It is interesting to observe that multiple possible H-bonding arrangements can possess comparable energies. The most stable OH* arrangements often exhibit hydrogen bonding between the OH* moiety on the lower terrace and the OH* adsorbed on the Pt edge (Fig. 5, inset for 4 OH* case), or they possess a combination of OH* adsorbed on both bridge and top sites in chain-like structures near the step on the upper terrace (Fig. 5, inset for 5 and 6 OH*).

It is important to note that, while the identified structural motifs for high coverage adsorbed OH* may be relevant to practical ORR catalysis, these configurations only consider stabilization due to adsorbate-adsorbate and adsorbate-substrate interactions and do not explicitly account for interactions between adsorbed hydroxyl groups and ambient water solvent molecules, which can have energies on the order of 0.5–0.6 eV per OH*52,58,59. To illustrate the effect of such corrections, a black dashed line, representing the OH* adsorption energy on Pt(111), is plotted in Fig. 5. At an applied potential of 0.8 V vs SHE, the formation free energy for 1 OH* adsorbed on a top site of Pt(111) is 0.55 eV, excluding any solvent corrections, which is consistent with previous reports. It is only the solvent stabilization that reduces the energy of OH* to near zero on Pt(111) (at 0.8 V vs. SHE) and hence promotes its reactivity. Since the energy of 1-OH* on Pt(111), devoid of any solvent correction, is comparable to the uncorrected energy of the 4/5/6 OH* ensembles on Pt(221), one might expect that some of these ensembles on Pt(221) would be stabilized under ORR condition and contribute to the ORR activity. Further, it is possible that the solvation correction for the high coverage 4/5/6 OH* cases (1/4 to 1/2 ML of OH*) on Pt(221) could be different compared to the correction for the low coverage OH* ensembles on Pt(111). To fully capture the impact of solvent-adsorbate interactions on ORR chemistry, further analysis, rigorously incorporating explicit solvent molecules (H2O), along with ab initio molecular dynamics analysis to understand the electrode-electrolyte double layer structure, would be necessary (it might, indeed, be possible to combine the ACE-GCN framework with machine learning-based force fields to understand such dynamical effects)60,61,62. The identified 4/5/6 OH* high coverage configurations provide a strong foundation for undertaking such an analysis, and it is not difficult, in principle, to add water molecules as coadsorbates amongst the OH* moieties. Nevertheless, given that OH-OH and OH-H2O interactions are of comparable magnitude, many of the key qualitative conclusions from the analysis, such as the favorable adsorption of OH* on the step edges and the preference for OH* on the lower terrace to interact with the step-adsorbed OH* groups, are unlikely to be altered by the presence of additional water molecules52.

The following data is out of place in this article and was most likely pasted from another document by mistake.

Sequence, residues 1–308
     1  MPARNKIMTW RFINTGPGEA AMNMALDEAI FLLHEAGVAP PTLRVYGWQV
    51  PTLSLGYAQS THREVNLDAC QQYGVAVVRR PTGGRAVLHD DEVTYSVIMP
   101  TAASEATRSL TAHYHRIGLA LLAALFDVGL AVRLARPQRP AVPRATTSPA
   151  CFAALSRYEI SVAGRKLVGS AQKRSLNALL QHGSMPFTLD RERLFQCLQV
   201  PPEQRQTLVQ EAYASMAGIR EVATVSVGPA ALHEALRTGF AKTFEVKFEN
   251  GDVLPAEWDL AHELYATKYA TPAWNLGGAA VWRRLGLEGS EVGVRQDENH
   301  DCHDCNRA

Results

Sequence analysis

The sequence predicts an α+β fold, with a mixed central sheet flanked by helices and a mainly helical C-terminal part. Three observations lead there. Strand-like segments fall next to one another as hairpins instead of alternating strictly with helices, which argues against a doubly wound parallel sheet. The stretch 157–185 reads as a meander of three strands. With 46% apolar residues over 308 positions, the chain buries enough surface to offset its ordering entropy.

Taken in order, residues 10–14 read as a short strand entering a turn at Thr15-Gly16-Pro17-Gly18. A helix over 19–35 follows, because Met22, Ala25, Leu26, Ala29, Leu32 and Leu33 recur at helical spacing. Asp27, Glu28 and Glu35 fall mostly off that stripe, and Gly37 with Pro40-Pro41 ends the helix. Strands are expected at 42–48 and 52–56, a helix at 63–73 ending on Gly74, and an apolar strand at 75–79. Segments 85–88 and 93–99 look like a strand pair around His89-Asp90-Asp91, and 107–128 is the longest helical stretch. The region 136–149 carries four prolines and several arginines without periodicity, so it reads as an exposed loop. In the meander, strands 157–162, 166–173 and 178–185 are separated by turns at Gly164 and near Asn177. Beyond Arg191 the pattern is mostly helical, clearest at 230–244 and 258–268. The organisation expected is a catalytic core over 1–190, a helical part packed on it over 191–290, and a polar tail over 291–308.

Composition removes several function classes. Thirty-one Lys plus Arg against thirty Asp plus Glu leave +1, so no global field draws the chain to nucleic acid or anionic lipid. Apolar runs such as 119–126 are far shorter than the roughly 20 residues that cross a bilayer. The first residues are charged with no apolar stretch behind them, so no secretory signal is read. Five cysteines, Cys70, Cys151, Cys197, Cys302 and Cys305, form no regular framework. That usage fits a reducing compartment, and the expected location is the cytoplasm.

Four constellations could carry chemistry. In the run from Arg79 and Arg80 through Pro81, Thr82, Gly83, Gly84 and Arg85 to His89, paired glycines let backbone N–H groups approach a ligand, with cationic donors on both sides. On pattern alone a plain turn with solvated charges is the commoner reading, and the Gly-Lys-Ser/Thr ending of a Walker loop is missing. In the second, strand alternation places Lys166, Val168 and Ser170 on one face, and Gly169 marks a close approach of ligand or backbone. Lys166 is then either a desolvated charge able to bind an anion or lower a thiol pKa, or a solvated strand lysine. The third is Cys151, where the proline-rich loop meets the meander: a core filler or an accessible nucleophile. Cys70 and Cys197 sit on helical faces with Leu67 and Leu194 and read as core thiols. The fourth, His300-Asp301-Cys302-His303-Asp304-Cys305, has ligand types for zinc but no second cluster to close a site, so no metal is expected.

In conclusion, we present a machine learning-based hierarchical screening workflow to systematically estimate surface adsorption structures for complex heterogeneous surface catalytic reactions. The proposed workflow utilizes the graph theory-based SurfGraph algorithm for systematic enumeration and generation of surface adsorbate representations with variable coverages. The generated models are screened using the Adsorbate Chemical Environment-based Graph Convolution Neural Network (ACE-GCN), a graph neural network-based framework, which utilizes the chemical and structural environment of a given adsorbate as the input and maps these features to the target property of choice. Using this workflow, we demonstrate the identification of relevant surface models for heterogeneous catalytic systems comprised of strong binding adsorbates on low symmetry alloyed surfaces and for directionally dependent adsorption on defect surface structures. In both cases, our model successfully identifies trends in the relative stability of different atomic configurations at a fraction of the computational cost (~10%) of exhaustive DFT calculations, thereby providing a framework to identify relevant atomic configurations for surface environments with large and complex configurational spaces. In addition to reducing the overall computational cost, this automated approach reduces the possibility of systematic bias resulting from the use of chemical intuition alone to identify structures with target properties. This approach can therefore serve as a starting point for developing a detailed atomic description of complex catalyst surfaces under in-situ conditions, and help identify interesting regions of the chemical solution space to be investigated with rigorous state-of-the-art methods, ultimately leading to fundamental insights into factors that govern heterogeneous catalysis in structurally and chemically complex environments. In the future, such an approach, combined with configuration sampling schemes deploying uncertainty-driven predictions and workflows inspired from active-learning strategies, would aid in even more efficient selection of relevant atomistic configurations63,64.



The dataset used for model training and prediction is a collection of a diverse set of calculations corresponding to 1) NO*, varying from 1–6 adsorbates (coverages of 1/12 to 1/2 ML), on a Pt3Sn(111) surface, and 2) OH* surface configurations on Pt(100) and Pt(221), also encompassing 1–6 adsorbates per unit cell (coverages of 1/12 to 1/2 ML)—see below for unit cell details). The graph enumeration code, SurfGraph23, is used to identify the binding sites and to generate the high coverage configurations which are converted to a graph object through ACE-GCN for property prediction. The target property of choice is the binding energy of the adsorbates, normalized to the number of adsorbates considered in the facet:


DFT methods